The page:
Health authorities change tack on school COVID reporting, citing parent feedback

Dr. Bonnie Henry says public health officials have heard from parents and will change course this week on how parents and schools are updated on COVID cases and clusters in schools.

During the past school year, lists of school exposures — cases detected during the communicable period of a disease — were posted online by health authorities, but for this school term, only clusters and outbreaks have been reported, with no school-wide notifications via letters over a COVID exposure at a school. Parents were told that only individuals at risk would be contacted.

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Henry, B.C.’s ­provincial health officer, said she ­initially believed broad COVID school notifications last year had caused parents and ­administrators anxiety, but she has heard from parents across the province, along with ­educators and her public health team, that parents want an authoritative source where they can find out what’s happening with COVID in their children’s schools.

The goal is to notify schools in a “timely, less intrusive and more sustainable way,” she said Tuesday. “I do want to reassure you that if your child has COVID, if your child has been exposed to somebody with COVID in the school system, you will be notified.”

Henry said parents will have access to COVID information in schools very soon. “I hope to have that in place by the end of this week, so that you can have an understanding of what is happening at your child’s school.”

She said it takes time to trace contacts and follow up on each COVID case — sometimes longer than people expect.

A cluster in a school refers to two or more cases in a 14-day period with evidence of transmission within a school, while an outbreak is multiple confirmed cases and signs of ongoing school transmission.

In response to the health authorities’ change in COVID reporting in schools, a citizens’ group had established the B.C. School COVID Tracker website ( as a place where parents could get information and report positive cases.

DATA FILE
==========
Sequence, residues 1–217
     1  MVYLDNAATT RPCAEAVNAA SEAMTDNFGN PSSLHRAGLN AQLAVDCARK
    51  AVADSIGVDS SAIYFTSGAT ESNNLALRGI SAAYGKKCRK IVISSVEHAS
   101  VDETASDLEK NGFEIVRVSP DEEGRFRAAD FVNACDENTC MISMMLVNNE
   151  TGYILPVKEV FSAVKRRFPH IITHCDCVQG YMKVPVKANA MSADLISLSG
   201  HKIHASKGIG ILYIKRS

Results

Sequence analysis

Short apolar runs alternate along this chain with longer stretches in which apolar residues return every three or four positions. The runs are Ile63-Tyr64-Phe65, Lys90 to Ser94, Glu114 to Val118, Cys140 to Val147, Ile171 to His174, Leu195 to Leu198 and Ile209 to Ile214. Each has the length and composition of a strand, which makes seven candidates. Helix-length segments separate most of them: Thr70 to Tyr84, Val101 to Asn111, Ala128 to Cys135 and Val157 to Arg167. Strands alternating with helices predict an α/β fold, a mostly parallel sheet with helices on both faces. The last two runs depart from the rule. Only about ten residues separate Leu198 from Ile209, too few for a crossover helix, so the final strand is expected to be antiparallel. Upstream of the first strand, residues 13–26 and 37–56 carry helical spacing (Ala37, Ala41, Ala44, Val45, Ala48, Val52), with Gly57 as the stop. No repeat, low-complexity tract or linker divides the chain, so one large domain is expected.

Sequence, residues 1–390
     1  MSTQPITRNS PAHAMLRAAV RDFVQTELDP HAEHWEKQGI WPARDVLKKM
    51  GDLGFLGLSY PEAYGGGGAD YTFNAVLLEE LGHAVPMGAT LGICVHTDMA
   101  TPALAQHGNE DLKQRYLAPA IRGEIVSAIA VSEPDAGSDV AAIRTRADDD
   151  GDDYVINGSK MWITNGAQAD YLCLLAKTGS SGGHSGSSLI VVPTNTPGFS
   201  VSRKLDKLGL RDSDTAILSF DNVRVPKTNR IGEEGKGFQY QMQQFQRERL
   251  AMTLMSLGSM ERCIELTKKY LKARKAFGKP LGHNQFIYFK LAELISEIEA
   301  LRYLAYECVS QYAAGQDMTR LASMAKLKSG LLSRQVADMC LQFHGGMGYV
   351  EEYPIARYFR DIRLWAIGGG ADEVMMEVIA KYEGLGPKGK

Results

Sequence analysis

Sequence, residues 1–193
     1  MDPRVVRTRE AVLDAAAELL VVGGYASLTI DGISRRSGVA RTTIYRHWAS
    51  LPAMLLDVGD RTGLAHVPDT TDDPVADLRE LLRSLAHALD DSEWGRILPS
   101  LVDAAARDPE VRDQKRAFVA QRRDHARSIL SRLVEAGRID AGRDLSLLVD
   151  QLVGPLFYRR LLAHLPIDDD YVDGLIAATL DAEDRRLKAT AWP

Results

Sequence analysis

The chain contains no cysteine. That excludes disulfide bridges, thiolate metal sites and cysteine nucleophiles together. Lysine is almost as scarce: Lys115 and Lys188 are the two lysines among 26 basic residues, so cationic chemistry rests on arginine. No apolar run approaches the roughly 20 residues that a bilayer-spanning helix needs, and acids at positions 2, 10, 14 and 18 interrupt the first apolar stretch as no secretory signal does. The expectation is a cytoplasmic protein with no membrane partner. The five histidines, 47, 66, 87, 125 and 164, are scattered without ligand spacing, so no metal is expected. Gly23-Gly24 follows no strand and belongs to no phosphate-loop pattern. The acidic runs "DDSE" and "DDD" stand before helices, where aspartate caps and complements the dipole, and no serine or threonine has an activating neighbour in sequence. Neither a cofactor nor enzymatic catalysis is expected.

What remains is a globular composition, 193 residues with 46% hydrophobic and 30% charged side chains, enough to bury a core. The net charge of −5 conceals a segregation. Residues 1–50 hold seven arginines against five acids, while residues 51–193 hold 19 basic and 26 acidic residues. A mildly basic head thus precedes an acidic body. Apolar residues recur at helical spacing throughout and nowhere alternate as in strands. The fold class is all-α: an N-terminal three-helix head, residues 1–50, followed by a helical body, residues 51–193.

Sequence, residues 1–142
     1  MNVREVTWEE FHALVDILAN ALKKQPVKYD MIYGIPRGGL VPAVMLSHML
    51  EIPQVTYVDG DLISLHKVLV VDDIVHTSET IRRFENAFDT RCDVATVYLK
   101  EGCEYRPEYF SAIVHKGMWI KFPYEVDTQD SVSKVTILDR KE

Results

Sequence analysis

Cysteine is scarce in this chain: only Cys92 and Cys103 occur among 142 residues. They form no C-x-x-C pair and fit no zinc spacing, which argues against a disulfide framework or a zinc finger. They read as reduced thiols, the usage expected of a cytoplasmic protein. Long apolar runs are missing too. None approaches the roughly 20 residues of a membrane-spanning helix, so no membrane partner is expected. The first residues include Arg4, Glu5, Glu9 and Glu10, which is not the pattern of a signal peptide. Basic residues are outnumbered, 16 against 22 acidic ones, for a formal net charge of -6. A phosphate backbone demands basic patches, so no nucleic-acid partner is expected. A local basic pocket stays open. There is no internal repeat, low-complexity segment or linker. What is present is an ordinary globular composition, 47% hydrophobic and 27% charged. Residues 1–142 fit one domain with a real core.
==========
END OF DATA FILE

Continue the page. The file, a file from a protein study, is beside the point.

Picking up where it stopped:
Greater Victoria schools have been listed by the tracker 19 times since Sept. 10, including seven listings on Monday. Island schools are mentioned 67 times, including three Monday and one Tuesday.

Greater Victoria Teachers’ Association president Winona Waldron called Henry’s announcement “welcome news.”

“It sounds like we won’t really know until the end of the week what that exposure notice will look like, if it’s the same as last year,” she said. “But right now parents and teachers are relying on social media and word of mouth as to whether or not there’s been an exposure and to make whatever assessment they want to make about their safety.”

That doesn’t seem right, ­Waldron said.

“The information’s getting out there anyway, it’s just not ­verified,” she said. “If it’s going to be out there, it should be ­coming from the health ­authority.”

Henry said public health teams are prioritizing schools because they know “how important it is to make sure that children are safely in school, and able to have all of the learning experience in the school setting.”

Health Minister Adrian Dix said Tuesday hundreds of contact tracers are being added in health authorities across the province. In Island Health, there are 56 contact tracers and 113 are being added.

Henry noted that the situation in schools is better this fall because so many school staff and students are protected through vaccinations.

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